The U.S. Army’s  5th Battalion, 4th Air Defense Artillery Regiment (5-4 ADA), under the 10th Army Air and Missile Defense Command based in Germany, is the first battalion in the Army to test, receive, and field the Mobile Short Range Air Defense (M-SHORAD) system.

The M-SHORAD, which integrates existing guns, missiles, rockets and sensors onto a Stryker A1 vehicle, is the Army’s newest addition in a variety of modernization efforts. The system is designed to defend maneuvering forces against unmanned aircraft systems, rotary-wing and residual fixed-wing threats, U.S. army information said.

Brig. Gen. Gregory J. Brady, Commander of the 10th Army Air and Missile Defense Command said, “Just under 3 years ago 5-4 ADA was the Army’s first SHORAD battalion activated in almost 13 years, and now they are the first to lead the Army’s Air and Missile Defense modernization initiatives with M-SHORAD.

The Army utilized a rapid prototyping strategy to accelerate the timeline for M-SHORAD initial operating capability by four years, resulting in the delivery of a prototype system in approximately one year. In 2020, 18 Air and Missile Defense crewmembers from 5-4 ADA were selected to undergo a 6-month initial operational assessment with the prototype systems at White Sands Missile Range, New Mexico.

“There’s really no comparison to anything I’ve operated in my career,” said Sgt. Andrew Veres, an Air and Missile Defense crewmember with 5-4 ADA. “Everything in these systems is an improvement – the survivability, mobility, dependability, off road ability – it gives us the ability to stay in the fight longer.”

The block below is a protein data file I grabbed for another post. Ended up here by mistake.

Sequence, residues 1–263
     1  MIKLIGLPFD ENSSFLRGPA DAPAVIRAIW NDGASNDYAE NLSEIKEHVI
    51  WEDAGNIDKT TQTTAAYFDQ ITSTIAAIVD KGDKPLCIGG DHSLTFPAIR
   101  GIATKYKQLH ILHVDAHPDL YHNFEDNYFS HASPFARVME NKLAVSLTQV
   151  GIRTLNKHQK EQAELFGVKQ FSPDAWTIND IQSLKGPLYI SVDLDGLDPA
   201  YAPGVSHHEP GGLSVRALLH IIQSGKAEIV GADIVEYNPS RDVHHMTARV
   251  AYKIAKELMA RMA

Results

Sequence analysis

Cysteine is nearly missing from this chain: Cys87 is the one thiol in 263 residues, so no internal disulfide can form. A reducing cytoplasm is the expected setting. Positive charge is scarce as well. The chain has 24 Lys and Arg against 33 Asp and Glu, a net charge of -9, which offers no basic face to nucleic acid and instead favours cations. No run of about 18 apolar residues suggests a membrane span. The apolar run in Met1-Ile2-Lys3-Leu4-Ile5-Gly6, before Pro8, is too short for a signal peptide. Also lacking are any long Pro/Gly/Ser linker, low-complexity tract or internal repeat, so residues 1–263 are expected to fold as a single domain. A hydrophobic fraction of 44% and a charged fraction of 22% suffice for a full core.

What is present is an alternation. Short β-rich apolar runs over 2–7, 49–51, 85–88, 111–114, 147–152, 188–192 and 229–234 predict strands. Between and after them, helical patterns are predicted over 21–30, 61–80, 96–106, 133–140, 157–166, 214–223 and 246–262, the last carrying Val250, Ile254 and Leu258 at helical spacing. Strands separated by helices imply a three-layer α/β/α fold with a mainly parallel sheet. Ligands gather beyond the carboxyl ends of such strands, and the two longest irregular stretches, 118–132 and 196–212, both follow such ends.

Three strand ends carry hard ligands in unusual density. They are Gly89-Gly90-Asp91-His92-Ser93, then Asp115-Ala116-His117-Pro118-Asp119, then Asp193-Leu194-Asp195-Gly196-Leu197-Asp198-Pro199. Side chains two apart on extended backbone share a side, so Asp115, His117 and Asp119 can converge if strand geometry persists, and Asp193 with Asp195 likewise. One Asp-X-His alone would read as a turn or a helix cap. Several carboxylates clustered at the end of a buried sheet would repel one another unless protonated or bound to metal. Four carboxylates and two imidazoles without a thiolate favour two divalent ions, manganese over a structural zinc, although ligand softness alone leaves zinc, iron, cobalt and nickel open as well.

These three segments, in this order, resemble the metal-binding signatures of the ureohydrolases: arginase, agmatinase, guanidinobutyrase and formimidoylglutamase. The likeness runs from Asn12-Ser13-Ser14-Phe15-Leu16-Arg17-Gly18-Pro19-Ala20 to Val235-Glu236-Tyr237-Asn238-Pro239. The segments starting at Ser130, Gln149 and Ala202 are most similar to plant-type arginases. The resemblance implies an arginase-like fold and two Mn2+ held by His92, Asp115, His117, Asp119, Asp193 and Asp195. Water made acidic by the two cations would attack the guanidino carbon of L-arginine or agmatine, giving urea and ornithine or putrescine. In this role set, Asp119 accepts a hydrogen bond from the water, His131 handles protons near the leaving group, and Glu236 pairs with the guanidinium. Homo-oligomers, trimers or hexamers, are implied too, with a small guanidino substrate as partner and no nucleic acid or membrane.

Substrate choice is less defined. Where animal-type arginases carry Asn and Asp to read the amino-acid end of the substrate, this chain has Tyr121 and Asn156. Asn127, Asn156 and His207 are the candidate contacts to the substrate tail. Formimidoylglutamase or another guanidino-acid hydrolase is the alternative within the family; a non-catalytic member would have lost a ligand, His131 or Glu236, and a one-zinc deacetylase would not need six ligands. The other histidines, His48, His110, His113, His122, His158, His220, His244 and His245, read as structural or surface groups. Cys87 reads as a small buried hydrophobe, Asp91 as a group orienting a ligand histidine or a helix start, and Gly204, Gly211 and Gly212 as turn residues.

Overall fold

The addition of the Stryker-based M-SHORAD system will provide better protection of maneuver forces at increased ranges and with improved mobility, allowing a stronger defense of U.S. forces, Allies and partners against adversary air threats. The unit initially received four systems in April, and is expected to receive more later this year, beginning its transition from an Avenger-based battalion to the first fully-operational M-SHORAD battalion in the U.S. Army.

“Our adversaries have invested heavily from their indirect fire up to their strategic missile assets, necessitating the modernization of our air and missile defense capabilities,” said Brady. “M-SHORAD is a critical part of the Army’s comprehensive dedicated Air Defense Artillery capacity and augmented combined arms approach to be able to provide a multi-layered defense against all aerial threats.”

The Army intends to field the M-SHORAD system to four additional Air and Missile Defense battalions beginning in 2021. Future development of follow-on M-SHORAD systems will incorporate technology insertions, to include directed energy and improved missiles, utilizing a mix of complementary DE and kinetic interceptor systems to protect maneuver forces.

The M-SHORAD’s closest competitor is the Russian Pantsir-S1 gun-missile air defence system that provides close-in protection to bigger missile sytems such as the S-400 besides airfields and vital installations.

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